Mention by Panini
(28) Wijhi: Perhaps they are to be identified with the Vijji/ Vajji who are associated with the famous Licchavis. It is further possible that the Naich clan may be the same as Licchavi because the latter name is also mentioned as Nichavi. This is a suggestion which requires further consideration. "These Licchavis were distinguished for their bright coloured and variegated dresses and equipages and all the evidence seems to point to these people being a branch of the Yue-che". Others hold that the Licchavis were Hinduised foreigners.  D.C. Sircar concurs with this view.
Alexander Cunningham writes .... 24. Vriji. From Vaisali, Hwen Thsang proceeded to the north-east for 500 li, or 83 miles, to Fo-li-shi, or Vriji, which has already been identified as the territory of the powerful tribe of Wajji, or Vriji. In the time of Buddha, the Vrijis were divided into several clans, as the Lichhavis, the Vaidehis, the Tirabhuktis, and others, whose names are unknown. The exact number of their clans would appear to have been eight, as criminals were arraigned before the atthakulaka, or " eight clans," which would appear to have been a jury composed of one member from each of the separate divisions of the tribe. Hwen Thsang mentions that the people of the north called them San-fa-shi, or Samvajji, that is the "United Vajjis," — and the same name is referred to in the long and interesting account of the people of Wajji, which is given by Turnour from the Pali chronicles of Ceylon, The great monarch Ajatasatru, of Magadha, wishing to subdue the " great and powerful people of Wajji", sent his minister to consult Buddha as to the best means of accomplishing his object. The Raja is informed that so long as the people of Wajji remained "united," they would be invincible. (p.447)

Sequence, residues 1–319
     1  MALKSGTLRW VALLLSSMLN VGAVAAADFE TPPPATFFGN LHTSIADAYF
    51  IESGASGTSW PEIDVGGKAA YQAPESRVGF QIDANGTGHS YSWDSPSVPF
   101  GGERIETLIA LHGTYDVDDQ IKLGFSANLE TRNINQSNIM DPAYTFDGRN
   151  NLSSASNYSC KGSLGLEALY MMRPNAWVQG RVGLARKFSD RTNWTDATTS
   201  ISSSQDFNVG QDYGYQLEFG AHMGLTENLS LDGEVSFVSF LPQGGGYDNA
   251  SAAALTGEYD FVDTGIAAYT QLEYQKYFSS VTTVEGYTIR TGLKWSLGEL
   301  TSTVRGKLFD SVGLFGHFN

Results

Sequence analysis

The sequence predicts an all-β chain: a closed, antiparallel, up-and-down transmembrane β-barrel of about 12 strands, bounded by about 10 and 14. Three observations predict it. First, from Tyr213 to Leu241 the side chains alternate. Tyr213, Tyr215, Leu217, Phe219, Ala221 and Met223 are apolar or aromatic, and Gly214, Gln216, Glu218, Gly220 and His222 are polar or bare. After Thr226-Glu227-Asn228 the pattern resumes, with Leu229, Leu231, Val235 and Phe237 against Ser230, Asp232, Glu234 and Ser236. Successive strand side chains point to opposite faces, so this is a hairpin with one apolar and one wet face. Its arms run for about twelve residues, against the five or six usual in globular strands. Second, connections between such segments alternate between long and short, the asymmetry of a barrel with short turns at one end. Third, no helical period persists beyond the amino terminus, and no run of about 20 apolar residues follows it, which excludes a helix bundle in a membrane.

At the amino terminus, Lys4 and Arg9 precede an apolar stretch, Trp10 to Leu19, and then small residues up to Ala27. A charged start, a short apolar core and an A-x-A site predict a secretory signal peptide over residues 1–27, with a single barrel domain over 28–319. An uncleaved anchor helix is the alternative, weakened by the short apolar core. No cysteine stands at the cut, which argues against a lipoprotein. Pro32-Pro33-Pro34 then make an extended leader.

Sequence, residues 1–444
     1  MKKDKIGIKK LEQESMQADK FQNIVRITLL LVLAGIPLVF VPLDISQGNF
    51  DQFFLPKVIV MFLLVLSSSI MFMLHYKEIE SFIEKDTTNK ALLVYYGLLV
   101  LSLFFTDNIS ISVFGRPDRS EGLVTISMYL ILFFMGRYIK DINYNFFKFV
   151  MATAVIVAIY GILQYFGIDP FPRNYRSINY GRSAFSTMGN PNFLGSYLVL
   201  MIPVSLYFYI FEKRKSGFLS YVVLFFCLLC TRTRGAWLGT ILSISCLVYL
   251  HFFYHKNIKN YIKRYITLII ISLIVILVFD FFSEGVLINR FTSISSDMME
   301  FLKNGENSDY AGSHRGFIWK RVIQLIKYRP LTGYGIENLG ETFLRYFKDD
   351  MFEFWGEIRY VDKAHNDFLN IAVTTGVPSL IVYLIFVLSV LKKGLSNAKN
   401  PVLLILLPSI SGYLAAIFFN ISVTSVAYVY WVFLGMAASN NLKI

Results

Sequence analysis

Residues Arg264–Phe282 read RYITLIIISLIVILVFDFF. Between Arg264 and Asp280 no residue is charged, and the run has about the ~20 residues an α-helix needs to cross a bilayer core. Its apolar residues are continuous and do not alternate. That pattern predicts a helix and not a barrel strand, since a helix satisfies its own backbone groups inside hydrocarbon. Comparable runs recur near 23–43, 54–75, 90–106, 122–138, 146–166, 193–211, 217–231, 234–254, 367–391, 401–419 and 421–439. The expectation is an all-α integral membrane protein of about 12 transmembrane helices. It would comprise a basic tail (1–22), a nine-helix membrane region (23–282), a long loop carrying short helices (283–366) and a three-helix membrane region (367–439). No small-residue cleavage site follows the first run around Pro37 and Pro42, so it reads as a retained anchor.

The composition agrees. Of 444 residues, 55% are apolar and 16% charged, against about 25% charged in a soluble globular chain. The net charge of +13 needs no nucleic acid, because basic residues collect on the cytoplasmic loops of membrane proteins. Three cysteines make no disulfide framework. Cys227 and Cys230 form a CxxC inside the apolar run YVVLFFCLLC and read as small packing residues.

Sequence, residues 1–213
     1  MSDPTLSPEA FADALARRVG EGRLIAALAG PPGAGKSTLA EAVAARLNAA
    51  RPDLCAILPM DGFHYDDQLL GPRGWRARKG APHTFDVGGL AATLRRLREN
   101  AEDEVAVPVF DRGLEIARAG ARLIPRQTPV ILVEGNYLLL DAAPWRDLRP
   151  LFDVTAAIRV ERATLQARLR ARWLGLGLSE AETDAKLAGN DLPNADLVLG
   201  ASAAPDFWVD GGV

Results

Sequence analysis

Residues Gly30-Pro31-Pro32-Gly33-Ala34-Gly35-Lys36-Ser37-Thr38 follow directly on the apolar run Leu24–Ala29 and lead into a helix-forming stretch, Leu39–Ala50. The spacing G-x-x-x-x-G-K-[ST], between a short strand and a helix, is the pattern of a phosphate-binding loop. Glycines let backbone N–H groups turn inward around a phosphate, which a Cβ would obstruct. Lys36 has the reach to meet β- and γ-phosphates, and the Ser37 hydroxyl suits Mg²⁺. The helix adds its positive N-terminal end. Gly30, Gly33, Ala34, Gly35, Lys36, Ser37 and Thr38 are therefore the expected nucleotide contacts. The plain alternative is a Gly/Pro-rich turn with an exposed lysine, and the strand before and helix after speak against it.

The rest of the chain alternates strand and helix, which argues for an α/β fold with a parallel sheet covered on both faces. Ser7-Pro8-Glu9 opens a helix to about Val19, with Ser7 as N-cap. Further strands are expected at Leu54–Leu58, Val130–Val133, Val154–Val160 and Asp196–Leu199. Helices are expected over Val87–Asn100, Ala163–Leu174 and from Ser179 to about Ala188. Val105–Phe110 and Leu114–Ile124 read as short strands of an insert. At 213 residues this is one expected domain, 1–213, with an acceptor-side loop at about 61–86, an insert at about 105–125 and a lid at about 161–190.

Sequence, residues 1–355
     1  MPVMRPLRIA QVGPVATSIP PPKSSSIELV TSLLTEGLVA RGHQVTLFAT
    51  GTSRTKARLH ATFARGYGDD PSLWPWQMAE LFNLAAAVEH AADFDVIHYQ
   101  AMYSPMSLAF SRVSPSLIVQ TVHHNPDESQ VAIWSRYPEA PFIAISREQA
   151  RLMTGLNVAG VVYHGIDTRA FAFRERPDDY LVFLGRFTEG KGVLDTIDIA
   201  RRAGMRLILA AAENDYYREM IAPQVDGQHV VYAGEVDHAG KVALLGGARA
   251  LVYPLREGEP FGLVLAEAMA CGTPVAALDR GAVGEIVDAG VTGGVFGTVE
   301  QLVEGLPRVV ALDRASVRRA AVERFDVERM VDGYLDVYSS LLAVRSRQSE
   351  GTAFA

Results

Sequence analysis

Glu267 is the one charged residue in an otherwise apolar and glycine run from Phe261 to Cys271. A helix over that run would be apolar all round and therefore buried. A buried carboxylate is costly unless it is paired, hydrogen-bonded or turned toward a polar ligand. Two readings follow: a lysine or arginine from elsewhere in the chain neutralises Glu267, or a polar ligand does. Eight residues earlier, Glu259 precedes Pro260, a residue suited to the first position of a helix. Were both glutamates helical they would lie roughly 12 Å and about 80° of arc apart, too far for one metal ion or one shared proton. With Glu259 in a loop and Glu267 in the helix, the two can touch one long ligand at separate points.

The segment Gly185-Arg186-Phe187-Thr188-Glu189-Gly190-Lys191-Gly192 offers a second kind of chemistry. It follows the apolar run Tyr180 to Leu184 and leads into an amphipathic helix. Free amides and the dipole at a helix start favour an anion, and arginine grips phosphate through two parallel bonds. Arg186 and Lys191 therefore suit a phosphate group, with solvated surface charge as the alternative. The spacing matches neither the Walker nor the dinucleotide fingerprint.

Rajatarangini tells us....And when the stout Vijjaraja, hot with pride, struck Mallaka, he returned the blow, but both instantly fell on him. When the king appeared in view at the door of the four cornered room, Mallaka left his three antagonists and ran towards the king. At the time when the king was thus singled out, Kularaja ran swiftly in alarm and cut off the speed of Mallaka by cutting him in the bone of the buttocks. (p.208) (Vijjaraja→Vijhi)
- History and study of the Jats/Chapter 10
- Jat History Dalip Singh Ahlawat/Parishisht-I, s.n. व-53
- Jats the Ancient Rulers (A clan study)/Appendices/Appendix II,p.328,s.n.161
- Jats the Ancient Rulers (A clan study)/Appendices/Appendix III, p. 334,s.n. 57
- A.C. Rose:'Tribes and Castes', Vol. III, p. 507
- V. S. Agrawala: India as Known to Panini, 1953, p.508
- Jats the Ancient Rulers (A clan study)/Appendices/Appendix III,p.341
- S. Beal, op. cit., Vol. III, p, 308; EHI. pp. 162-63; lA, Vol. XXXII, p. 233-35 and Vol. XXXVII, p. 78·80.
- JASB, Vol. p. 142-43.
- H.N. Jha The Licchvis Varanasi.
- The Ancient Geography of India/Vajji,pp.447-450
- Turnour, Journ. Asiat. Soc. Bengal, vii. 993, and note,
- Ibid. vii. 992.
- Kings of Kashmira Vol 2 (Rajatarangini of Kalhana)/Book VIII (i) , p.208
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